800. For "touching out" plain photographic work, I advise you to have by your side a palette, upon which are ground moderate portions of a good black Indian - ink, warm sepia, and scarlet lake. With combinations of these you can readily imitate the photography upon which you are working, whether it be cold or warm in tone. Of course, it is necessary to apply these tints with a brush, and if you use plain water as a dilutant, you will leave a dead surface that betrays your trail. Every one will exclaim: Why not then use gum water? That will leave a gloss. Perfectly right but it leaves too much gloss. In addition, I don't believe that the half of you know how to make gum water. Accept my formula, and adopt it or not, as you see fit.

Picked Gum Arabic,..................

1 ounce.

Loaf Sugar,..................

1 drachm.

Acetic Acid,..................

39 minims.


30 "

Water in sufficient quantity, say, from six to eight ounces.

Don't be frightened at the mention of the acid, and at the idea of putting a modicum of it upon the surface of your photograph. Used in this way, it will not, I assure you, prove destructive in the slightest degree. The gum water, however, I do not use for the indicated purpose. There is a better vehicle - the much-abused, always useful, albumen.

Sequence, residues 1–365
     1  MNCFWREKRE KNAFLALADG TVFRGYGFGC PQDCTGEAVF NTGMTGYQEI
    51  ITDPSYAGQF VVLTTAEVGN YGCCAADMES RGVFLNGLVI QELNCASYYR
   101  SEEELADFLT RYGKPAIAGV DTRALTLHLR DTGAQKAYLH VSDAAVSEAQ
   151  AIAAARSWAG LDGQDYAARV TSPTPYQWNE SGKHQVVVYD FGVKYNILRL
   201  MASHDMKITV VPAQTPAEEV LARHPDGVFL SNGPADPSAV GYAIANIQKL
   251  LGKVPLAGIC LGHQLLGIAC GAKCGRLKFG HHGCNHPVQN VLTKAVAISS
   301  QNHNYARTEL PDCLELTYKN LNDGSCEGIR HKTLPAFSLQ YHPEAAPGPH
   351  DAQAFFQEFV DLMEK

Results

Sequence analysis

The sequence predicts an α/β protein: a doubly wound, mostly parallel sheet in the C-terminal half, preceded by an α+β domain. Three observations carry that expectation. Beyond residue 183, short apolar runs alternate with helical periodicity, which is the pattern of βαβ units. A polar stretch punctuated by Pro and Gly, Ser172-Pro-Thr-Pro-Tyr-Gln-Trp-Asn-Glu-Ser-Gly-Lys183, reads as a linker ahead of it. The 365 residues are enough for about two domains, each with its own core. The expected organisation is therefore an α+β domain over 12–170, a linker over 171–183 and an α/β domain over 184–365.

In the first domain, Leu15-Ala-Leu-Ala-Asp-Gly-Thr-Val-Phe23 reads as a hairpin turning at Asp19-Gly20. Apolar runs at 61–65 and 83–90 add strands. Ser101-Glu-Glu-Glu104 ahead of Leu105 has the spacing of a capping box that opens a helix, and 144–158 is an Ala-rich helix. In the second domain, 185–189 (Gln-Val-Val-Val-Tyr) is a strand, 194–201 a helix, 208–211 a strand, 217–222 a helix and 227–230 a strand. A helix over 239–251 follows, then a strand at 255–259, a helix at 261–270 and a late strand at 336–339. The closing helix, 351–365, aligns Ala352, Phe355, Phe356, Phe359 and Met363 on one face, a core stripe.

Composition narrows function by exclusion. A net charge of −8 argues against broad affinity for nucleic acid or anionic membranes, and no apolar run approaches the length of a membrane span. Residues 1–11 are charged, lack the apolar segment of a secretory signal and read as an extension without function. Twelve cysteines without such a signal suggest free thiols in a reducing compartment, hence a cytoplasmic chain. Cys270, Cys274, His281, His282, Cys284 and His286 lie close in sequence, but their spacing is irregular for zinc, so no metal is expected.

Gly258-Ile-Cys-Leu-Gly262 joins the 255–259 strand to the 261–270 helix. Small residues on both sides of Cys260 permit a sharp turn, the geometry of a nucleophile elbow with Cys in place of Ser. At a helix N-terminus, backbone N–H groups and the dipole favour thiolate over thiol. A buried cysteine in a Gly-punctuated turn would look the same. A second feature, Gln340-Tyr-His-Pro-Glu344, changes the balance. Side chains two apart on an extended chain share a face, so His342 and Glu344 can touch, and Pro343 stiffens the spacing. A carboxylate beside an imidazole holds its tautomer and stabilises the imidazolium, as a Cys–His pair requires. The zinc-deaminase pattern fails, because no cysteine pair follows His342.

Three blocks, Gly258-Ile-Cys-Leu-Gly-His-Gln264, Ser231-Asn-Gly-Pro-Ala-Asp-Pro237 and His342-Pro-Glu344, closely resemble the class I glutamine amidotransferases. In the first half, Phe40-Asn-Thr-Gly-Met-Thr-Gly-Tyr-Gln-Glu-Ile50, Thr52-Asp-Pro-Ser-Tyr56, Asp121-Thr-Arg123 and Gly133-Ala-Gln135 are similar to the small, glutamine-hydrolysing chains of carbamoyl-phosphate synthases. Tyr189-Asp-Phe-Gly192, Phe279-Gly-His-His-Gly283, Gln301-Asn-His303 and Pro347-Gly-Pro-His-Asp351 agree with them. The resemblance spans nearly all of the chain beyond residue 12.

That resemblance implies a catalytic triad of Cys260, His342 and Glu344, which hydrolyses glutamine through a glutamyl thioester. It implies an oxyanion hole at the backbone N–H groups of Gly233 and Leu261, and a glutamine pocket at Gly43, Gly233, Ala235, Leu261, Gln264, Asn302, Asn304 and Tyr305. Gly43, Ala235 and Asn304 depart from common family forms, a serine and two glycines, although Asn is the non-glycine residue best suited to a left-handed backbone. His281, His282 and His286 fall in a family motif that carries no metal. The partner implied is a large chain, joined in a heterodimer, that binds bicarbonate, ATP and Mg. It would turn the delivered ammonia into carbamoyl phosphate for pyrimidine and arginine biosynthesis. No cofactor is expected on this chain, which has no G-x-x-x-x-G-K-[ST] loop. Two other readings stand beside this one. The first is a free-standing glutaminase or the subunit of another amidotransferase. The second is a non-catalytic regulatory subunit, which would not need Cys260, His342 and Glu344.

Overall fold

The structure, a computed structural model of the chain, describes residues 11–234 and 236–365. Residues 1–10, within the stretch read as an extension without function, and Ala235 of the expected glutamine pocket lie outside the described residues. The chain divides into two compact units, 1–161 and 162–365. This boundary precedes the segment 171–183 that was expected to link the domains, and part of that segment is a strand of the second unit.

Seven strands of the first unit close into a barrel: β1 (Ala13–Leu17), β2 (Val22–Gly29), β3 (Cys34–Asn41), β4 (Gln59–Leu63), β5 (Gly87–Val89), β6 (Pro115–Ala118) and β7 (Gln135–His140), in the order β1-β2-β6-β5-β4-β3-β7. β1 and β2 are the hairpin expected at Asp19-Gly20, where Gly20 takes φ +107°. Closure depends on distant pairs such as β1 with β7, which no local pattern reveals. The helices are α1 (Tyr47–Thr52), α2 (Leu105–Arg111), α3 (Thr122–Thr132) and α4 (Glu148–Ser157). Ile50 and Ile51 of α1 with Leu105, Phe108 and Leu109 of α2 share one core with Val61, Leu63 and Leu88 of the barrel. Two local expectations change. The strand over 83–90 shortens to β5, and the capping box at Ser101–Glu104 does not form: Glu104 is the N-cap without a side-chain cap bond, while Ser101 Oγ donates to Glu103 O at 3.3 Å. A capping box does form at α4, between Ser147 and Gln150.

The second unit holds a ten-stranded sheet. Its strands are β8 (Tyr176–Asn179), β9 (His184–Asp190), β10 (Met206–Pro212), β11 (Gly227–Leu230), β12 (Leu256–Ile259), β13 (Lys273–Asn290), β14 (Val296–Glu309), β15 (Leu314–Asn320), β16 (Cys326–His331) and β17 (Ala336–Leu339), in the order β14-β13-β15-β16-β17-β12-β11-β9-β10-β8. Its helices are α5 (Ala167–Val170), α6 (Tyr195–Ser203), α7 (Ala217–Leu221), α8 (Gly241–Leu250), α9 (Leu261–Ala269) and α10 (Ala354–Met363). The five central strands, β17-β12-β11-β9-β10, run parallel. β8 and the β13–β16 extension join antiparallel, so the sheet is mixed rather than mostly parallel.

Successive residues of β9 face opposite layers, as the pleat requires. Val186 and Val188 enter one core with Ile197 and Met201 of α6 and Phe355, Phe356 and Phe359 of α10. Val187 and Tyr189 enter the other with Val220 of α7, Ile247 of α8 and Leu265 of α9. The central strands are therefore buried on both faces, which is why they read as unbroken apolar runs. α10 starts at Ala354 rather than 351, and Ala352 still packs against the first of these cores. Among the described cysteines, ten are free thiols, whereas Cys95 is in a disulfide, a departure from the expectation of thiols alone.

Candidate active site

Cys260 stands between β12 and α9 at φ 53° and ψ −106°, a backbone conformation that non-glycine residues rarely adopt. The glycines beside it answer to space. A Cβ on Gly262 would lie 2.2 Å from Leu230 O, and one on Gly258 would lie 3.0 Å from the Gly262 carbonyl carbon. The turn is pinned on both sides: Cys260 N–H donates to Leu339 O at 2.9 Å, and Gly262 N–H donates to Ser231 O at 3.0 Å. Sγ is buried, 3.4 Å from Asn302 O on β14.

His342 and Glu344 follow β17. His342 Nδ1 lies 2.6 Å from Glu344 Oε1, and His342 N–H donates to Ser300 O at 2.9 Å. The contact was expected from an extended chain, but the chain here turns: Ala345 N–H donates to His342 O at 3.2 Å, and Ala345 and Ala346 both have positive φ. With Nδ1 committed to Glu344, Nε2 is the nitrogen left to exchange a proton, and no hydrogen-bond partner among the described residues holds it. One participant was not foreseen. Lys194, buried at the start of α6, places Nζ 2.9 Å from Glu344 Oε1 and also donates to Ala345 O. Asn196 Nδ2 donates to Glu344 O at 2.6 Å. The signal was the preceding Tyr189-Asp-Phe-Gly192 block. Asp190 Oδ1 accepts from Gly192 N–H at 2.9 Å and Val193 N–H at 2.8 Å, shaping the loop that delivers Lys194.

The value of an encaustic paste in giving depth, richness, and transparency to the shadows of a photograph, and in bringing out the delicate gradations in the whites, is now so well known that it needs scarcely to be stated; and it is tolerably clear, also, that it adds to the

301. Or some may prefer a higher polish, when the final operation is to pass our beautiful new pictures through the now popular heated burnisher, which imparts to them a high degree of polish and improves their tone. If this latter is used, the prints must first be lubricated with a mixture of white Castile soap and alcohol, or a similar "lubricator." After either treatment, the prints are ready for the acceptance of your permanency of the prints. My prints owe much of richness and depth to treatment with an excellent preparation of this kind, the formula of which stands as follows: